At one point, I see lightning forward and to the left. The accompanying thunder indicates it was pretty close. That’s a bit scary, and the deluge that follows reduces visibility considerably. I spot Sparks off to the left. It doesn’t look like there is much there – so I don’t turn off and head into the tiny town. Similarly, the road to Smith Falls State Park, where I’d considered camping, is gravel and goopy. I’m not thinking it would be much fun to do five miles of that in the rain. That means I’ve got 18 more sopping wet miles to Valentine.
The rain lets up a little. The dark skies lift just a tad, revealing higher grey clouds of stratus and cumulus. Oh, it doesn’t look like it is clearing, but it does look like I should be spared from further lightning.
All of the clouds are scudding across the sky from west to east at great speed above me. Down at ground level, though, the winds are still out of the southeast. They turn crazy and gusty – pushing me hard with intermittent shoves. I heave forward and across the road. The wind is so crazy at times on the wet, slippery and smooth pavement, that I don’t feel like I have total control over the bike. I learn later that the super smooth stretch of road won the local contractors an award from the state DOT last year when it was laid (who knew there were awards given for ‘smoothest’ paving job!). Wow, was that ever slick!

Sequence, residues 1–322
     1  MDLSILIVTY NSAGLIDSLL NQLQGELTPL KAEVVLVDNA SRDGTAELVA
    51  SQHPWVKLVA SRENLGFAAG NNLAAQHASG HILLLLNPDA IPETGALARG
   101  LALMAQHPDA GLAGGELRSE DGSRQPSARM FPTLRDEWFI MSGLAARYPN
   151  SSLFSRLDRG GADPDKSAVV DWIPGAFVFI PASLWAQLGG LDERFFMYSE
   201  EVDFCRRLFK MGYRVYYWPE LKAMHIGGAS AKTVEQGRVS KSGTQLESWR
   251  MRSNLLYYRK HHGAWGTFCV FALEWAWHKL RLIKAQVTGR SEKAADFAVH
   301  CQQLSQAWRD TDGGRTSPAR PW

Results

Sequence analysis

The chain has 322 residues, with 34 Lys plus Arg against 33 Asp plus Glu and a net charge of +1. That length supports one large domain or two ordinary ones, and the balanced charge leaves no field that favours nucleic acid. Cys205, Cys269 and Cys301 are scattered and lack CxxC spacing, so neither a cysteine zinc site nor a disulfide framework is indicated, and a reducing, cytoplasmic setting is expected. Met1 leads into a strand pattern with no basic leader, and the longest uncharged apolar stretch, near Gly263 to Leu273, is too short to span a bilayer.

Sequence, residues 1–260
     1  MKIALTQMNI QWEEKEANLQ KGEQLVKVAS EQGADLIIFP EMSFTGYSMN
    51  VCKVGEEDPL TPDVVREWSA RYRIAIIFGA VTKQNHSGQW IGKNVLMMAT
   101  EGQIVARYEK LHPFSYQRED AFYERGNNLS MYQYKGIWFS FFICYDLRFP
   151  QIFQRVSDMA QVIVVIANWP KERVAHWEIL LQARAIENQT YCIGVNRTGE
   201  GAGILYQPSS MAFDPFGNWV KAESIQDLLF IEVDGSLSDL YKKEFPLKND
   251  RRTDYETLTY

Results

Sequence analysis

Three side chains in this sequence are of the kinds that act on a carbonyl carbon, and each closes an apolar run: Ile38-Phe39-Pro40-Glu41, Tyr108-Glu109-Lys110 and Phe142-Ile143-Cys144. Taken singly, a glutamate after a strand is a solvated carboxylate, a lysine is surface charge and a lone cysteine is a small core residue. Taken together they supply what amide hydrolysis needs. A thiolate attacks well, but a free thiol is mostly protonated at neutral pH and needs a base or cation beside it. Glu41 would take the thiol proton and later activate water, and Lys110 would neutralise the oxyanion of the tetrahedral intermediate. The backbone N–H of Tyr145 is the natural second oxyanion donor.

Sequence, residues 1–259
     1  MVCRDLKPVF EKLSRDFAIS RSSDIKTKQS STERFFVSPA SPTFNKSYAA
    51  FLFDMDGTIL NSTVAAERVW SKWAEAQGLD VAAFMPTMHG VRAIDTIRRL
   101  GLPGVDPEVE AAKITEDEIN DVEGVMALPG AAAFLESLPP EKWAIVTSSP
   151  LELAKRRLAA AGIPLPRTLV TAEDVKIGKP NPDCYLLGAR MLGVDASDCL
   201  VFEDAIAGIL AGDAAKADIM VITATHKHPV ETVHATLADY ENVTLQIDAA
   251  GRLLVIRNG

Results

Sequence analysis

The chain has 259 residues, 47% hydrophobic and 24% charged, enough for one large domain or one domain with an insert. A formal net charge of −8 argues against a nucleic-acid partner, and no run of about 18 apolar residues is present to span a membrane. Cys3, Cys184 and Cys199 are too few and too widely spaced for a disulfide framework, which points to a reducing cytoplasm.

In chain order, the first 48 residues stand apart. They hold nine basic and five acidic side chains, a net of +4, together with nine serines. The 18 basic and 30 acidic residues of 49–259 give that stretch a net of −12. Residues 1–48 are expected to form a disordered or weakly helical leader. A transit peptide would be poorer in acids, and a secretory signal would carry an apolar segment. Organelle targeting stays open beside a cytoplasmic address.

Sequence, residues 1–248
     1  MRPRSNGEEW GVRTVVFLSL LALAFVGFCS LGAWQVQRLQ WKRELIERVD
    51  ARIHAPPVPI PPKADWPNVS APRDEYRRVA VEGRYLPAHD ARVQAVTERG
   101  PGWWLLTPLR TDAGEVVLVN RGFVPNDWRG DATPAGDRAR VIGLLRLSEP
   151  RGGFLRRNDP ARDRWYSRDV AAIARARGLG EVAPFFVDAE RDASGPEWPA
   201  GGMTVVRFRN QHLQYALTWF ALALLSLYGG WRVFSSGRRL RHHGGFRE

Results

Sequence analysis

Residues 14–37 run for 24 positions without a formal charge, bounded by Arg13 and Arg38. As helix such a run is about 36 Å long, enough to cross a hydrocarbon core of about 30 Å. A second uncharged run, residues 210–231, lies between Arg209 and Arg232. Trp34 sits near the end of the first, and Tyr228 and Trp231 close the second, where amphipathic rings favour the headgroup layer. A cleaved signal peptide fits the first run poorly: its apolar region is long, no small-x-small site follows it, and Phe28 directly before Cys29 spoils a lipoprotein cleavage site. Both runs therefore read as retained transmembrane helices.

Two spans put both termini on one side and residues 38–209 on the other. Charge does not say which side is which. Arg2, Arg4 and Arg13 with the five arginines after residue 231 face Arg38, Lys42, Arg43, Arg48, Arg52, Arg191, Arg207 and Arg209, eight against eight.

I push myself with the pushy wind. The speedy clouds, the crazy wind, and the water everywhere all at once – raining down on me, spraying up from the road, dripping off my helmet – gives me great energy. When things turn sour, I turn tough. Life has taught me that is the best response. So I pump myself up. I stand up and pedal the downhills with vigor and abandon. I crank the pedals in smooth but hard strokes on the uphills. I yell out loud to myself, “Come on, Em! Come on! Let’s go! Let’s go! Let’s do this! Get up the hills! Come on!”
I am thoroughly soaked. It is cold. The wind whips tears out of my eyes. But I don’t feel a thing. All I feel is this internal roar of undefeatable determination inside. This whole section is through road construction – the pavement finely milled. However, the milled surface doesn’t slow me down and actually provides a bit of traction as I crank out the miles. I feel like I’m 20 again and full of angst. The energy pours out of me as the rain pours down on me. For these miles, I feel invincible again, like nothing can touch me. I pound out every burden, every hurt, every everything that life has thrown at me since moving to Oz. The bad weather reflects the bad things I’ve encountered in life, and I use the puddles and the pouring rain as inspiration to release whatever anger and sadness has accumulated in the dark spots of my spirit. I’m a pretty mellow gal these days, but give me a day here or there to exorcise any festering demons through exercise. I love feeling tough and untouchable. It gives me strength for future unknowns. It lets my spirit soar free.